Herham History, Family Crest & Coats of Arms
The name Herham is of Anglo-Saxon origin and came from Herman or Hermannus.  The names are really the same; it was a common practice for scribes to record a given name in the Latin style, where us is the masculine suffix. The personal name meant warrior having derived from the Old French word hermant, or from the Old German words hariman or hereman, all of which meant "warrior." 
This name came to England in the wake of the Norman Conquest in 1066. However, not all of the family moved to England as Ralph, William, Richard and Hugh Herman were all listed in Normandy in 1180. 
Early Origins of the Herham family
The surname Herham was first found in Norfolk where Willelmus Harmannus, who was listed in 1208 in the St. Benet of Holme (1020-1240), is generally considered to be the first record of the name. Another branch was found in Sussex where William de Hermer was listed in the Curia Regis Rolls of Sussex in 1207. Simone Haremere was listed in the Subsidy Rolls in Sussex in 1296, and later, William Harmere was listed in 1428. 
The Hundredorum Rolls of 1273 had two listings using older spellings: Nicholas Herman in Suffolk; and Cecilia Hereman in Huntingdonshire.
The Yorkshire Poll Tax Rolls of 1379 list Thomas Herman and Ricardus Harman as residing there at that time. 
Haremere Hall near Etchingham, East Sussex was home to this branch since the 12th century. By the 1600's the hall had fallen from their hands and was held by James Temple, one of the judges at the trial of King Charles I. Today it is now a Grade I listed Jacobean building and is still held in private hands.
Early History of the Herham family
This web page shows only a small excerpt of our Herham research. Another 97 words (7 lines of text) covering the years 1101, 1549, 1535, 1440, 1535, 1567, 1480, 1547, 1621, 1646, 1640, 1646, 1673 and 1673 are included under the topic Early Herham History in all our PDF Extended History products and printed products wherever possible.
Herham Spelling Variations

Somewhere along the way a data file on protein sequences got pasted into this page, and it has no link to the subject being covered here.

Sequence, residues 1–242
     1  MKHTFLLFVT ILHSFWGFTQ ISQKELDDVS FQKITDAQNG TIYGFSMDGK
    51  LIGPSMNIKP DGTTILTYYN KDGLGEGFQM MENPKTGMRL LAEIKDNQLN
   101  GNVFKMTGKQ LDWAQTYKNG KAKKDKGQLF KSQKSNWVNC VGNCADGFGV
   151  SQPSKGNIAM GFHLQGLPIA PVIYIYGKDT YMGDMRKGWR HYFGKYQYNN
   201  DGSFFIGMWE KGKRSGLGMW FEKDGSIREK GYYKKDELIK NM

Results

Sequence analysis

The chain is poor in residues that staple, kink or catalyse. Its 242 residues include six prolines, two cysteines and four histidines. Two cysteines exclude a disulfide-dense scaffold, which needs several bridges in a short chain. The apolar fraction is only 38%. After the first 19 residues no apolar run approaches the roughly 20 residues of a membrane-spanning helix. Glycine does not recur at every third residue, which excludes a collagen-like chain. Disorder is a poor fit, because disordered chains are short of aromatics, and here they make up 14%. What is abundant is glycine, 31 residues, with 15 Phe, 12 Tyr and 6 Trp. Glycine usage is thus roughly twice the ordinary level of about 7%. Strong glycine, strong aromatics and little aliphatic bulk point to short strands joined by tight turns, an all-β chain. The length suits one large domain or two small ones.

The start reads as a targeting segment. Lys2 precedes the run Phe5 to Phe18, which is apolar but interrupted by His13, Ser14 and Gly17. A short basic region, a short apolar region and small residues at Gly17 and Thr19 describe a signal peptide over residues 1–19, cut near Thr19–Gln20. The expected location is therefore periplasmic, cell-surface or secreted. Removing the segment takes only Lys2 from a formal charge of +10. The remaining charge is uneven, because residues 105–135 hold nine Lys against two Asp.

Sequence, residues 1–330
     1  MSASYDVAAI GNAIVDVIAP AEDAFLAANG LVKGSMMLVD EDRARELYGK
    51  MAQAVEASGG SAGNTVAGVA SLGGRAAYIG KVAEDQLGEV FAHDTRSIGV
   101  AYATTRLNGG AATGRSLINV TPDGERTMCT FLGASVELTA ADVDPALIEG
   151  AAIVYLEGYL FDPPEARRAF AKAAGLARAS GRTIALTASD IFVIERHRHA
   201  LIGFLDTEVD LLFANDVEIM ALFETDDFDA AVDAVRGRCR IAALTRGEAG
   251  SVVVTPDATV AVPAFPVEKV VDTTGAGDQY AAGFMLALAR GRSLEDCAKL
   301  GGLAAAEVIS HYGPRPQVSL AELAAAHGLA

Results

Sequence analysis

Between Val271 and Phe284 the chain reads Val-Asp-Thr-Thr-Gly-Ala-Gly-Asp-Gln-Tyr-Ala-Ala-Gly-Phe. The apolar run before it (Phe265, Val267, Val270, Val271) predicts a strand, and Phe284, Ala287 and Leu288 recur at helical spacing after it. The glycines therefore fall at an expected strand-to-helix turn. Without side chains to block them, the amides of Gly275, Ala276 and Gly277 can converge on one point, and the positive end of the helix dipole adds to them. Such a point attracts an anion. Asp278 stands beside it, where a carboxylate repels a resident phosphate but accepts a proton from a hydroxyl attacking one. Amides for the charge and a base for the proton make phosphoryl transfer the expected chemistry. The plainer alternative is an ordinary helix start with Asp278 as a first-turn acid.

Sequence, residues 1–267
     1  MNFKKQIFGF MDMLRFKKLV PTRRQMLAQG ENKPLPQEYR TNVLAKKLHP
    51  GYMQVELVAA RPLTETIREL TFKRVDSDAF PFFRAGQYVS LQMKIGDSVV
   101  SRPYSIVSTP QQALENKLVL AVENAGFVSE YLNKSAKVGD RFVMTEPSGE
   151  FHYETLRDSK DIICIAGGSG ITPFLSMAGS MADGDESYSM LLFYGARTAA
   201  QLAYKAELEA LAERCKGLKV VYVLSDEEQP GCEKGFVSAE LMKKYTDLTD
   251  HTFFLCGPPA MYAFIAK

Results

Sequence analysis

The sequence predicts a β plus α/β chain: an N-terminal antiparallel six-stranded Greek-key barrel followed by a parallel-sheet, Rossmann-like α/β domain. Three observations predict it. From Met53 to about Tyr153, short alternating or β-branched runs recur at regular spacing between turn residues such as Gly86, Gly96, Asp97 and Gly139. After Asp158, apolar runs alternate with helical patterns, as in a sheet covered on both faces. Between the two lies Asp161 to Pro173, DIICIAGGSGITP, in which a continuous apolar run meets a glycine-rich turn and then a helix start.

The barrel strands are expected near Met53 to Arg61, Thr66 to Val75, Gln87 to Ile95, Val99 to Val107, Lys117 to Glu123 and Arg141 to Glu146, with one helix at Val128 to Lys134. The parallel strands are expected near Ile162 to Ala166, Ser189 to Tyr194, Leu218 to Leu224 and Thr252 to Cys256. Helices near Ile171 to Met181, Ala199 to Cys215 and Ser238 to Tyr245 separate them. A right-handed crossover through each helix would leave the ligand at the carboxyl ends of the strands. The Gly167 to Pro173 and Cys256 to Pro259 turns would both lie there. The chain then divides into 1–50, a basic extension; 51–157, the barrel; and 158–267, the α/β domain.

Before English spelling was standardized a few hundred years ago, spelling variations of names were a common occurrence. Elements of Latin, French and other languages became incorporated into English through the Middle Ages, and name spellings changed even among the literate. The variations of the surname Herham include Harman, Harmon, Harriman, Herman, Hernon, Hermanson, Harnum and many more.
Early Notables of the Herham family (pre 1700)
Distinguished members of the family include William Horman (c. 1440-1535), headmaster at Eton and Winchester, best known for his Latin grammar textbook the Vulgaria. He was born at Salisbury, and educated partly at Winchester. 
Thomas Harman (fl. 1567), was an English writer on beggars, grandson of Henry Harman, clerk of the crown under Henry VII, who obtained about 1480 the estates of Ellam and Maystreet in Kent. Thomas's father, William Harman, added to these estates the manor of Mayton or Maxton in the same county. As his father's heir, Thomas inherited all this...
Another 92 words (7 lines of text) are included under the topic Early Herham Notables in all our PDF Extended History products and printed products wherever possible.
Migration of the Herham family to Ireland
Some of the Herham family moved to Ireland, but this topic is not covered in this excerpt.
Another 44 words (3 lines of text) about their life in Ireland is included in all our PDF Extended History products and printed products wherever possible.
Migration of the Herham family
A great wave of immigration to the New World was the result of the enormous political and religious disarray that struck England at that time. Families left for the New World in extremely large numbers. The long journey was the end of many immigrants and many more arrived sick and starving. Still, those who made it were rewarded with an opportunity far greater than they had known at home in England. These emigrant families went on to make significant contributions to these emerging colonies in which they settled. Some of the first North American settlers carried this name or one of its variants: Charles Harman who settled in Virginia in 1622; Augustine Harman settled in Maryland in 1666 along with his wife, three sons, and four daughters; Francis Harman settled in New England in 1635.
- Reaney, P.H and R.M. Wilson, A Dictionary of English Surnames. London: Routledge, 1991. Print. (ISBN 0-415-05737-X)
- The Norman People and Their Existing Descendants in the British Dominions and the United States Of America. Baltimore: Genealogical Publishing, 1975. Print. (ISBN 0-8063-0636-X)
- Bardsley, C.W, A Dictionary of English and Welsh Surnames: With Special American Instances. Wiltshire: Heraldry Today, 1901. Print. (ISBN 0-900455-44-6)
- Smith, George (ed), Dictionary of National Biography. London: Smith, Elder & Co., 1885-1900. Print